A 2016 Ipsos Mori survey of 3000 scientists in the UK, France, and Germany found that about as many (c.43%) are “spiritual” or “religious” as are non-religious. Meanwhile, a 2009 Pew survey in the USA found that 41% of chemists, 32% of biologists, 30% of geologists, and 29% of physicists and astronomers are religious, and a worldwide study found that 47% of scientists are “spiritual” or “religious”.
What I find most curious, however, is that the Pew survey demonstrates a greater tendency towards religion amongst young scientists, a tendency which is directly opposite to the trend in the general population worldwide. It is also notable that fewer scientists in the US than in the UK, France, or Germany are religious, and yet the US has by far the most religious general population. In addition, the worldwide study shows that, while 44% of the general population of Taiwan identify as religious, 54% of Taiwanese scientists do. In Hong Kong, those figures are 20% and 39%.
I wonder, then, what the correlation between scientists and cultural divergence is, and whether the probability of a scientist’s being religious is inversely proportional to the probability of the average citizen’s being so.
Peter Leeson and Jacob Russ (George Mason University, Virginia, USA): “Europe’s witch trials reflected non-price competition between the Catholic and Protestant churches for religious market share in confessionally contested parts of Christendom. By leveraging popular belief in witchcraft, witch-prosecutors advertised their confessional brands’ commitment and power to protect”.
The paper also discusses the difference between “coercive exclusion” (i.e. monopolistic) tactics, and how those are only successful in areas where “brand loyalty is strong”. In more-contested markets, churches had to “make their brands more attractive to religious consumers”. That is a lesson which many churches today need to learn, especially the ones who imagine that fear is the only motivator towards religion.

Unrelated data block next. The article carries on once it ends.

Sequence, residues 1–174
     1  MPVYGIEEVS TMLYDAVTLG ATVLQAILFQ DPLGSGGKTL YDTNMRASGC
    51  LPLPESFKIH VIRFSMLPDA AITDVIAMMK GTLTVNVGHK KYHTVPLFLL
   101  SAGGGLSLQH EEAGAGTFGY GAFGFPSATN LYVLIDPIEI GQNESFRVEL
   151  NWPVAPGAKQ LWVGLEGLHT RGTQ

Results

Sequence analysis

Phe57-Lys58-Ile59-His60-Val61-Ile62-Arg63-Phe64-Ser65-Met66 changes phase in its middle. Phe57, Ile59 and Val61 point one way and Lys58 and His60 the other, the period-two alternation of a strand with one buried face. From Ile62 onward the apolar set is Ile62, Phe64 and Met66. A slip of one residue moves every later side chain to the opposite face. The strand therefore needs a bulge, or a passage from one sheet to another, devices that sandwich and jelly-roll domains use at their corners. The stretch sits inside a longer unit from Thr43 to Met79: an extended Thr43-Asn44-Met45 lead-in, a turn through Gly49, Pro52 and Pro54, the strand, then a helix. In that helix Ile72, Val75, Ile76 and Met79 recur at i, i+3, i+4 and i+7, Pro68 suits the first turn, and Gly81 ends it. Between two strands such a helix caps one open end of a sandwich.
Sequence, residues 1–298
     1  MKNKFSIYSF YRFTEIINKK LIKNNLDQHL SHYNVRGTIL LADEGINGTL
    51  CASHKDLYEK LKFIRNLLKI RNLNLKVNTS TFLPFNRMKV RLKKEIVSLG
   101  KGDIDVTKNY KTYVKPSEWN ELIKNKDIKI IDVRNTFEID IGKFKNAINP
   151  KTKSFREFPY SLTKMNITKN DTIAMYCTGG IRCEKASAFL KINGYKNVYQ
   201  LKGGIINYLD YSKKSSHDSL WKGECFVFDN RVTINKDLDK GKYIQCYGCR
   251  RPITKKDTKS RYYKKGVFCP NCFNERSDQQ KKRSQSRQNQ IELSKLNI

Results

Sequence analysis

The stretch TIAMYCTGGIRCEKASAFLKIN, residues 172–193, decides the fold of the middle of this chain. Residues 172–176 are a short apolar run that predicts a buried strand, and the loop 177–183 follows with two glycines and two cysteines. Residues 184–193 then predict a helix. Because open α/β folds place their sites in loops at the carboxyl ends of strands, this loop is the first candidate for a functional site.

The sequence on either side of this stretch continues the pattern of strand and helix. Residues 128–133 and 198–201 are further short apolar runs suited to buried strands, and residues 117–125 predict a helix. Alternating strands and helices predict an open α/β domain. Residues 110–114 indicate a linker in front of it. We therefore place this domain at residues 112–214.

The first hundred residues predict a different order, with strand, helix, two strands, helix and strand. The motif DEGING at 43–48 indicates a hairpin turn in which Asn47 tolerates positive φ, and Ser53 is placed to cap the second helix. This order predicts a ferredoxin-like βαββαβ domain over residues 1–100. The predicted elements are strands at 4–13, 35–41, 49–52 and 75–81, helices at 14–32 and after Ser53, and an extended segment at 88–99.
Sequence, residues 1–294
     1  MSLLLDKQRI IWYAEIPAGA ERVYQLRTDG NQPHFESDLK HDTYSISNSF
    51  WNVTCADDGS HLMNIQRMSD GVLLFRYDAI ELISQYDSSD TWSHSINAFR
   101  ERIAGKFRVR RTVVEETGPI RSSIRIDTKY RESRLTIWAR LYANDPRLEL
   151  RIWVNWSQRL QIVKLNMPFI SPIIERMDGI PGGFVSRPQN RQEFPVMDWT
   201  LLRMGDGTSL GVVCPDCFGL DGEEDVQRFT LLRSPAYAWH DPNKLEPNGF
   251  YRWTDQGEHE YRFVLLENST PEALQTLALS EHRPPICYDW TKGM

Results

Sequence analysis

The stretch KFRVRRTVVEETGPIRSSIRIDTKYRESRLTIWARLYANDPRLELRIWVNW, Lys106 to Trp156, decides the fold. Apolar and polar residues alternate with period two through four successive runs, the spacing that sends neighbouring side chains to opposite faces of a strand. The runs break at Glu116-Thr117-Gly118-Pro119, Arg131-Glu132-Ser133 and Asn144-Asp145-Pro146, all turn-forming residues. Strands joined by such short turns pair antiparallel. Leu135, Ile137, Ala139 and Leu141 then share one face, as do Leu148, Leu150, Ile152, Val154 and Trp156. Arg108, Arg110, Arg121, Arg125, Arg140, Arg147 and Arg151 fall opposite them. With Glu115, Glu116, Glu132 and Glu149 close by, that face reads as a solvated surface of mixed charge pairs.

The following is a useful graphic display of the difference between US Christian and non-Christian views of Christianity. Barna have a similar chart relating to what people perceive as “extreme” in religion, and nearly three times as many young Brits believe religion to be a nett source of evil as believe it to be a nett source of good.
As the Atlantic noted, conservative are easier to panic. Unfortunately, this also means that they can be scared into imagining that climate change is a Chinese conspiracy rather than being scared into actually doing something about climate change.
On a verbal intelligence (wordsum) test (out of 10):
* people who are certain God exists (5.83)
* people who believe in God part of the time (5.84)
* atheists (6.13)
* people who harbour doubts but still believe (6.29)
* deists (6.82)
* agnostics (7.05)
(W S Bainbridge, ‘Atheism’, Oxford Handbook of the Sociology of Religion, pp.321-2)
Some very useful demographic data, including self-expressed reasons for leaving religion.
Here’s an interesting experiment: transcranial magnetic stimulation (TMS) reducing positive religious beliefs (e.g., a benevolent deity), negative religious beliefs (e.g., a devil), and the offensiveness of criticism of the homeland, while slightly reducing the agreeability of praise of the homeland. (‘Neuromodulation of group prejudice and religious belief’, Colin Holbrook et al. – ignore their percentages because they’re rubbish: the reductions are actually 18%, 14%, 14%, and 6% respectively, and the overall reduction of nationalist response is 9%).
The researchers describe it all as ideological threat management, but they fail to account for the difference between pre-existing religious views and instantaneous nationalistic responses, as well as for the simple fact that the views suppressed by the TMS are largely hopeful and ameliorative.